Where:

[r.sub.p] is the radius of the incident or splashed droplet,

[MATHEMATICAL EXPRESSION NOT REPRODUCIBLE IN ASCII] is relative velocity

The liquid gas shear stress is given by:[6] respestivly.

[[tau].sub.w] = 3 [mu][A.sub.w] / h ([bar.u.] - [[bar.v].sub.w]) - [[bar.[tau]].sub.g] / 2 (7)

[[tau].sub.g] = [A.sub.w][mu] [[[partial derivative]u.sub.g] / [partial derivative]Z |.sub.Z=H] (8)

[MATHEMATICAL EXPRESSION NOT REPRODUCIBLE IN ASCII] (9)

[MATHEMATICAL EXPRESSION NOT REPRODUCIBLE IN ASCII] is the speed Of impinging or splashing droplet (p)

Energy equation can be defined as [6]:

H = [C.sub.p] x [rho] x [V.sub.D] x T

[MATHEMATICAL EXPRESSION NOT REPRODUCIBLE IN ASCII] (10)

Where: [J.sub.g] is the gas heat flux and obtained by:

[J.sub.g] = [A.sub.w]k [partial derivative]T / [partial derivative]Z = [A.sub.w] ([j.sub.g] x [m.sub.v] x L) .(11)

The wall heat flux [J.sub.w] is obtained from:

[J.sub.w] = 3 x k [A.sub.w] / h (T - [T.sub.w]) - [J.sub.g] / 2 .(12)

[S.sub.H] = 4[pi]p / 3DELTA]t [n.summation over (p)] [delta]p x [r.sup.3.sub.p][C.sub.p] x [T.sub.d] (13)

Where: [T.sub.d] is the temperature of the impinging or splashing droplet.

Spray wall impingement

Two splashing regimes are introduced to take into account the atomization induced by high impact droplet velocity on dry or wet surface form. Splashing criteria may be expressed using the Weber and Reynolds numbers as shown in fig.(2), [7].:

We = [rho] [([[bar.V].sub.p] x [[bar.n].sub.w]).sup.2] [d.sub.d] / [sigma](14)

Re = p [([[bar.V].sub.p] x [[bar.n].sub.w]).sup.2] [d.sub.d] / [mu] (15)

where [d.sub.d] is droplet diameter and [[bar.n].sub.w] is the unit outward normal vector to the wall..

When the liquid film is formed on the surface the splashing Weber number is depended on the friction factor (f) and given by [7]:

We > [We.sub.s] = [18.sup.2] [d.sub.d] [([rho]/[sigma]).sup.1/2] [([mu]/p]).sup.1/4] [f.sup.3/4] (16)

The Weber number criteria is illustrated bellow and as shown in fig.(2):

film formation We < [We.sub.s]

film splashing We > [We.sub.s]

[We.sub.out] = 0.67 [We.sub.in] exp (-4.4* [10.sup.-2] x [We.sub.in]) (17)

So the splashing setter mean diameter (SMD) is [7]:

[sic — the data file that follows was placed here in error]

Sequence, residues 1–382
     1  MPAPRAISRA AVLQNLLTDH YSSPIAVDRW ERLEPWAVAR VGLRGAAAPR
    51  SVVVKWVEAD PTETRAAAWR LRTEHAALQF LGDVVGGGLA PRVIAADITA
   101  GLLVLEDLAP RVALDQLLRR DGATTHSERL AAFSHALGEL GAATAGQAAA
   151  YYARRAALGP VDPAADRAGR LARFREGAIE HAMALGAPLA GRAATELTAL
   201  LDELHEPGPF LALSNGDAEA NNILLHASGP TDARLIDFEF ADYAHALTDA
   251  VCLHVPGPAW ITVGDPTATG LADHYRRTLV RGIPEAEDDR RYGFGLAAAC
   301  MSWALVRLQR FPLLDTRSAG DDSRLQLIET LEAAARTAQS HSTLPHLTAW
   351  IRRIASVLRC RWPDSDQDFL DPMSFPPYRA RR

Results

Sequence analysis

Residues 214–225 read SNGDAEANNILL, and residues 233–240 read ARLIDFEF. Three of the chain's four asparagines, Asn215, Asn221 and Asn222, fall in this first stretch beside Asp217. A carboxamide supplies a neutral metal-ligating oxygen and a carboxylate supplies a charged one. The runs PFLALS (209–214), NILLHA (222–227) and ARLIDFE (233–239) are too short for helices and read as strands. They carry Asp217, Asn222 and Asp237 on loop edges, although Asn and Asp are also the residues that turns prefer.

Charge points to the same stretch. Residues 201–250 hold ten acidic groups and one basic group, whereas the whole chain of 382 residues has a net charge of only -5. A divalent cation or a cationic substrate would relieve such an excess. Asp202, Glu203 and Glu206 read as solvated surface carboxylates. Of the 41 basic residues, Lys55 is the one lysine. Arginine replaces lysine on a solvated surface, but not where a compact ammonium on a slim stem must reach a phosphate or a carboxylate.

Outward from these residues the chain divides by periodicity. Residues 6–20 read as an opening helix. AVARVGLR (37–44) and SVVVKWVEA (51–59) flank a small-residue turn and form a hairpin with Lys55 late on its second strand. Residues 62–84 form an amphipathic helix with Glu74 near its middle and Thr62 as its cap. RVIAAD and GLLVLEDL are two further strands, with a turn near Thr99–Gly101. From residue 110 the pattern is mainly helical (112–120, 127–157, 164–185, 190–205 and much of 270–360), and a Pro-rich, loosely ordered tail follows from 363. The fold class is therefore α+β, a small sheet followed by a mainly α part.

SMD = [d.sub.32] = r / 1 + 2[C.sub.k][C.sup.2.sub.b] / 3 + [p.sub.d] x [r.sup.3] / 6 x [sigma]d (18)

where: the constants [C.sub.b] = 0.5, [C.sub.k] = 1.0 [7]

Thus, in the analysis, the case that wall temperature ([T.sub.w]) was less than liquid temperature ([T.sub.L]) ([T.sub.W] < [T.sub.L]) when of the impingement fuel droplet on the cold piston wall such as starting into cold weather or light load engine operation. Submodels on fuel film formation, film breakup process and dispersion on fuel the spray breakup droplets are considered. We can estimate the spray dispersion process of non - vaporizing spray from equation (18) [7].

In the case that the droplet impinges on dry hot surface [T.sub.W] > [T.sub.L], the impinged droplet spreads as a fuel film in radical direction on the wall for a cretin period, and thereafter the film shrinks and it rebounded or it breaks up.

[FIGURE 2 OMITTED]

Droplet-Droplet Collision

It was shown by Fig.(3) that collision processes are important in fuel sprays behavior, especially in regions with high droplet number density. Collision is responsible for the growth of the droplets, due to the coalescence and the exchange of momentum between droplets. In this sense, the collision and breakup processes can be seen as two competing mechanisms whose outcomes determine the local droplet size distribution (DSD) as below:

[FIGURE 3 OMITTED]

Collision Rate